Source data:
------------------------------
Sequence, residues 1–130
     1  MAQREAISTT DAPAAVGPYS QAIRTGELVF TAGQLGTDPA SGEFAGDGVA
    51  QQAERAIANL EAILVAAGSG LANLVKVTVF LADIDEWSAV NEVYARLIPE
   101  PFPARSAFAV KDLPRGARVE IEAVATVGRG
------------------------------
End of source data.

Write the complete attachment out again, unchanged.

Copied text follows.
Sequence, residues 1–130
     1  MAQREAISTT DAPAAVGPYS QAIRTGELVF TAGQLGTDPA SGEFAGDGVA
    51  QQAERAIANL EAILVAAGSG LANLVKVTVF LADIDEWSAV NEVYARLIPE
   101  PFPARSAFAV KDLPRGARVE IEAVATVGRG